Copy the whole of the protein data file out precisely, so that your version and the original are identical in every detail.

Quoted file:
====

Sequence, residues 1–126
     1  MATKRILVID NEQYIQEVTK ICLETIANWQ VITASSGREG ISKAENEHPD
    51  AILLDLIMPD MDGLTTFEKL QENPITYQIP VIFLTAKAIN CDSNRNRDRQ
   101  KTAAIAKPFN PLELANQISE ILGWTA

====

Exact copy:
Sequence, residues 1–126
     1  MATKRILVID NEQYIQEVTK ICLETIANWQ VITASSGREG ISKAENEHPD
    51  AILLDLIMPD MDGLTTFEKL QENPITYQIP VIFLTAKAIN CDSNRNRDRQ
   101  KTAAIAKPFN PLELANQISE ILGWTA